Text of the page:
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Calling Social Media Out November 13, 2008

Posted by David Gillespie in philosophy, web 2.0, work/life.
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I’ve had enough. I’m done with social media and I’m calling you, you and particularly YOU out on it. I’m nailing it to the wall for the crock that it is. UGC was the first to cop it, social media is next.

I’m looking at what Jules is doing with The Population, my friend Matt‘s work with DP Dialogue, whoever else is out there. Yes, we have the Beersphere tonight, yes I blog, vlog, put music on MySpace, I comment, bookmark with del.icio.us, I use compfight to search Flickr for Creative Commons-licensed imagery, I discover new music via Last.fm and Pandora, and I Twitter. I do all that, and I’m telling you right now social media will be, in the great history of the web, hell in the great history of the next three years (if that long), the 2.0 equivalent of Pets.com.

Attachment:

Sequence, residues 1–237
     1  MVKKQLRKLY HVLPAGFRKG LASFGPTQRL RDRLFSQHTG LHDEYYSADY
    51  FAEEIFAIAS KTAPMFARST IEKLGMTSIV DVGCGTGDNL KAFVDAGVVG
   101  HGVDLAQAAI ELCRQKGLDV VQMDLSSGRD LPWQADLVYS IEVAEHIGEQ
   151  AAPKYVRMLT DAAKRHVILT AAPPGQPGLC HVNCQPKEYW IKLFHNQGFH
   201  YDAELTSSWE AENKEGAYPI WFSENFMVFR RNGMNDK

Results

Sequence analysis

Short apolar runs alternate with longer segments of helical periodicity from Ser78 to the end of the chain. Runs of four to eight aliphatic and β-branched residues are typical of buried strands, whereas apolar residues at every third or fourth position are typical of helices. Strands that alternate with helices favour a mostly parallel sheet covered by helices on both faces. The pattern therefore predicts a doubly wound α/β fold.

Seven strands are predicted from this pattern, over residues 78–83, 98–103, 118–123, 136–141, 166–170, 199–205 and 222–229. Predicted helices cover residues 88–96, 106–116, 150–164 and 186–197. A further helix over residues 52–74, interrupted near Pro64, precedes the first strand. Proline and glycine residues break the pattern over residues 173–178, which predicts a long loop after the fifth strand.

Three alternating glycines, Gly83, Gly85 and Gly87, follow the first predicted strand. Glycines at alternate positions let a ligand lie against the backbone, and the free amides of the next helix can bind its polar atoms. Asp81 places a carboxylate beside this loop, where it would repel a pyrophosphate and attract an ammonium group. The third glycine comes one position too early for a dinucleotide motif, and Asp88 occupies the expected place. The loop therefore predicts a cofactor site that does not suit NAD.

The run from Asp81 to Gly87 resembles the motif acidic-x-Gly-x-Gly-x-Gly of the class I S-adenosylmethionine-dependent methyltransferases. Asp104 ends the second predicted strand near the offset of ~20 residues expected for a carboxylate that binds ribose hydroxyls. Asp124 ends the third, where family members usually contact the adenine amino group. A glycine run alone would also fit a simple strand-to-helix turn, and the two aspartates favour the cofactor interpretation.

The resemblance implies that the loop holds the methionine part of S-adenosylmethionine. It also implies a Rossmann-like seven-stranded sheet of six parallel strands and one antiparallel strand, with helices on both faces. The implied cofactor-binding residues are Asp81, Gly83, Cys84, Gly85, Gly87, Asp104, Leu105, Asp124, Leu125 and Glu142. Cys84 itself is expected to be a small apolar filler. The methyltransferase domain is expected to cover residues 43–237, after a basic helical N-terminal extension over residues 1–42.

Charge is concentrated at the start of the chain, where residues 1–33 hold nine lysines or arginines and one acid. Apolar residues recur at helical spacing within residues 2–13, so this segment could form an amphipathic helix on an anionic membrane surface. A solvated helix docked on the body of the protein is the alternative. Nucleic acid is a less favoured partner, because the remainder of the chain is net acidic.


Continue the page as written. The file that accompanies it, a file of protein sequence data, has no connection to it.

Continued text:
And here is why.

First, we have to agree on something. You can choose to disagree, and I welcome that, but my stance is this: the web is inherently social. Not for everyone, particularly not for older generations, but from me back to the babies it is inherently, indiscriminately, and unavoidably social.

Next, we have to agree that the web is young. The web is still figuring out what it is, what it wants to be. You know movies? The name comes, need I remind you, from moving pictures. Photos that seemed to come to life, truth 24 times a second. Web 1.0 was moving pictures, we’re now in the Talkies. Imagine if film had stalled when talkies came along and we suddenly found the actors had horrible voices?